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Murphy Lays Out Plan To Combat Heroin Problem At Forum In Valhalla

Sen. Terrence Murphy hosting a forum on heroin in Valhalla.
Sen. Terrence Murphy hosting a forum on heroin in Valhalla. Photo Credit: Sam Barron
Susan and Steve Salomone of Drug Crisis In Our Backyard.
Susan and Steve Salomone of Drug Crisis In Our Backyard. Photo Credit: Sam Barron

VALHALLA, N.Y. -- With the heroin problem continuing to plague the Hudson Valley, Sen. Terrence Murphy unveiled a seven-point plan to combat the drug at a forum Jan. 29 at Mount Pleasant Town Hall in Valhalla.

The forum was attended by County Legislator Michael Smith, Mount Pleasant Schools Superintendent Susan Guiney and Susan and Steve Salomone of Drug Crisis in Our Backyard in Carmel, among others.

"This is really an epidemic in the Hudson Valley region," Murphy said.

Murphy said Westchester and Putnam were among 28 counties in the county labelled for having high intensity drug trafficking.

"No family is immune," Murphy said. "This impacts all races and all genders. I'm here to help, I'm here to shed light on it. Since 2012, there has been an 100 percent increase in deaths. It's completely unacceptable."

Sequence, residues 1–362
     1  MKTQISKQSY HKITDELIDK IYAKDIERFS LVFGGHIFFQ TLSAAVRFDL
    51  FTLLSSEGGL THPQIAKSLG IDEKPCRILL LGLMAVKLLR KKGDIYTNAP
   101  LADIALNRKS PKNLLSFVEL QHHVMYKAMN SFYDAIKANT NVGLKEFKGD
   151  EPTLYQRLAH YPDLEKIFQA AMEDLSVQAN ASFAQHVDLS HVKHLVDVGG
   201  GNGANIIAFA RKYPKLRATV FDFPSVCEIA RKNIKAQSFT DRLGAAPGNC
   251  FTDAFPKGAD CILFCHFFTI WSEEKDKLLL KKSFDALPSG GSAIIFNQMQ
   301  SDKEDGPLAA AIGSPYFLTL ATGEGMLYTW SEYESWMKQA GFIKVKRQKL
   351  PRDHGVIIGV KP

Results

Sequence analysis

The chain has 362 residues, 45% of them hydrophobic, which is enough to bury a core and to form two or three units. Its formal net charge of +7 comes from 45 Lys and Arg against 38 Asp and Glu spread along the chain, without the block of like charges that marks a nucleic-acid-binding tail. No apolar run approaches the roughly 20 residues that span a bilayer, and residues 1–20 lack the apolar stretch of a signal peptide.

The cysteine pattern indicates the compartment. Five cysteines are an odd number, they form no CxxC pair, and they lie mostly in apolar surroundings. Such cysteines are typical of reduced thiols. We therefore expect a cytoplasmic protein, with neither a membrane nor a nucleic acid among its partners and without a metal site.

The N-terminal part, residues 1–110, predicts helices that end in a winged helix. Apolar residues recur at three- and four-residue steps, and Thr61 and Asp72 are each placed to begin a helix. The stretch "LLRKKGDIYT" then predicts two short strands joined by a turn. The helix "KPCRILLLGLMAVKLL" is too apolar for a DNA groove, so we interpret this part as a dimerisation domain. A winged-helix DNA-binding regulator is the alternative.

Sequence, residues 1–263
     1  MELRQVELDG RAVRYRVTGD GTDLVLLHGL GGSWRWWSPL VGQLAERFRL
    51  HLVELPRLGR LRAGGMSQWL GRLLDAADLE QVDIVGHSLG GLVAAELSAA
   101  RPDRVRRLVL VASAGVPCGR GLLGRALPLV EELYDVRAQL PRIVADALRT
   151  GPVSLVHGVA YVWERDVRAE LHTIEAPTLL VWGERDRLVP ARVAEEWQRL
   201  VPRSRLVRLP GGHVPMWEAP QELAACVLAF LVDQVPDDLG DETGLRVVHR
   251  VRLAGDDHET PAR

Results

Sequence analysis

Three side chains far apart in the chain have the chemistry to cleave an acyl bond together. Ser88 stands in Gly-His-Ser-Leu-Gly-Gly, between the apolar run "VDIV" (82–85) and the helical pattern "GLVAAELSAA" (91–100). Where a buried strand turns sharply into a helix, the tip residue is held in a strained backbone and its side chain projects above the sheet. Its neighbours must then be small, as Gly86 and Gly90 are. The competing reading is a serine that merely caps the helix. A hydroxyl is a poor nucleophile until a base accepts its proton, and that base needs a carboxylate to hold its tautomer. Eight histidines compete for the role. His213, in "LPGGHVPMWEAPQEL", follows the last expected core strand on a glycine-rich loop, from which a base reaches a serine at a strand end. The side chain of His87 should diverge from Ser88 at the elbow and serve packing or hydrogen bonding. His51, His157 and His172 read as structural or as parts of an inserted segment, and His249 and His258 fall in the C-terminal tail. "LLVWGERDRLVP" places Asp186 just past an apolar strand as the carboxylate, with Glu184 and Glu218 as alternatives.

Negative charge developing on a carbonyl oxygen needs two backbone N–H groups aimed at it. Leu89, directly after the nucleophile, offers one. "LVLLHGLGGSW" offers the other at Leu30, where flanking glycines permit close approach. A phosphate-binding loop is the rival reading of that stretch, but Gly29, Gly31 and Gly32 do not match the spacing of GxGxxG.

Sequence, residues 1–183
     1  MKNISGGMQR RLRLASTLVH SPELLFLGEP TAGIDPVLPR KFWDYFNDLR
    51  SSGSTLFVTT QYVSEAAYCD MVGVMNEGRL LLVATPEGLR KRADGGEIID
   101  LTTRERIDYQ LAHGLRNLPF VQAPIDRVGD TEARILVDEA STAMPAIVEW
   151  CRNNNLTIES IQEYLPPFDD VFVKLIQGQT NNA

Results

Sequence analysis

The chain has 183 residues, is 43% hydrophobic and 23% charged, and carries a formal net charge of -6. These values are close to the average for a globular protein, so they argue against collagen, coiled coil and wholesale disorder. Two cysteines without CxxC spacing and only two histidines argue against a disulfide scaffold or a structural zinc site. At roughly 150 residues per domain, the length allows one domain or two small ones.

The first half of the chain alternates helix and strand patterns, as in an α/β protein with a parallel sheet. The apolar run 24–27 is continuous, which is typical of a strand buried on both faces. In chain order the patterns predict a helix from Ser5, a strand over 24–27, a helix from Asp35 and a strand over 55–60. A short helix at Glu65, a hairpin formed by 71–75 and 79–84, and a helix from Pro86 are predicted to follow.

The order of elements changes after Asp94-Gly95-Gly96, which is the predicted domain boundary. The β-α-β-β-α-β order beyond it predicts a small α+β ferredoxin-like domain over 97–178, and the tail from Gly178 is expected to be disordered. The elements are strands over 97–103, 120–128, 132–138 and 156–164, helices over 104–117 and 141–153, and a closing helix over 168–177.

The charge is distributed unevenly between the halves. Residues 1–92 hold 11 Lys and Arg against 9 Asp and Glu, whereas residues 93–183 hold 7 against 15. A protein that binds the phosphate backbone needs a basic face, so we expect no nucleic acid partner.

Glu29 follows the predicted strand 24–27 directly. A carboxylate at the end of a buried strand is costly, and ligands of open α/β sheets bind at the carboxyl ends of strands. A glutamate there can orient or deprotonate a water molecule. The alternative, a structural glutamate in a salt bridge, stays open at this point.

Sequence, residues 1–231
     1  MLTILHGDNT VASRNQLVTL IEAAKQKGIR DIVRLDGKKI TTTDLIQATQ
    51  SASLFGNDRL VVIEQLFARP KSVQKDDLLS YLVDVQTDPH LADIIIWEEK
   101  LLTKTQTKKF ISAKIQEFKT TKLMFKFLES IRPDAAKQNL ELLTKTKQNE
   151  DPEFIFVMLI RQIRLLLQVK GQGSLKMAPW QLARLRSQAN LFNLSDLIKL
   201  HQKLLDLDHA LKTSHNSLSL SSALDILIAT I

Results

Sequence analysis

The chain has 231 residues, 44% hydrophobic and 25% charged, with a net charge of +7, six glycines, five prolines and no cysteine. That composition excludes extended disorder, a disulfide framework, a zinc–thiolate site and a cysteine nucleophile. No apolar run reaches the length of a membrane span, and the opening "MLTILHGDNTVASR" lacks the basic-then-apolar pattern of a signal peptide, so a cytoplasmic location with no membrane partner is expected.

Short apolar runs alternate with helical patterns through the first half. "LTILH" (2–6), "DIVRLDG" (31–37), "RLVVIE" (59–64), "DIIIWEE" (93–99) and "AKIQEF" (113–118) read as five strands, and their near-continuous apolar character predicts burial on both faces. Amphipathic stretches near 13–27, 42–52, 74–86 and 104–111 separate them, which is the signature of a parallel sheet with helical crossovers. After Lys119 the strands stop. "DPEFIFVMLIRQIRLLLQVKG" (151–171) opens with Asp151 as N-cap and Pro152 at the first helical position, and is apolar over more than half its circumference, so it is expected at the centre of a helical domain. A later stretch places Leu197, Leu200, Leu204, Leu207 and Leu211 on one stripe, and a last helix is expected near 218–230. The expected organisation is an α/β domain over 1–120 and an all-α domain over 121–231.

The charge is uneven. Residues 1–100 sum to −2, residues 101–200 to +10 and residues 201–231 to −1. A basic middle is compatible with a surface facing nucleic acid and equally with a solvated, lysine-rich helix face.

The senator said his goal is to go back to Albany to craft legislation. Murphy's plan includes requiring insurance companies to cover treatment and rehab up to 90 days, using drug seizure money toward Narcan training, provide more funding for school resource officers and DARE programs and increasing penalties for narcotic traffickers.

Ellen Morehouse, director of Student Assistant Services, said kids often take heroin because they need painkillers and their families can't afford it or they get bored smoking marijuana.

"We need to start identifying these people early on and giving them the support to stop," Morehouse said. "We need better access to mental health services."

Colleen Griffin Wagner, trustee in the Village of Pleasantville, said technology is not being utilized effectively to fight heroin.

"A lot of these kids know someone who is in trouble, but they don't know what to do," Griffin Wagner said. "We need to put together a phone line or text line, so kids know who to call. The information on drug laws is hard to find."

Al Morales, a Yorktown resident, said they hope more people attend forums like this.

"I'm surprised we don't have a line going out the door," Morales said. "There's still not enough people interested."

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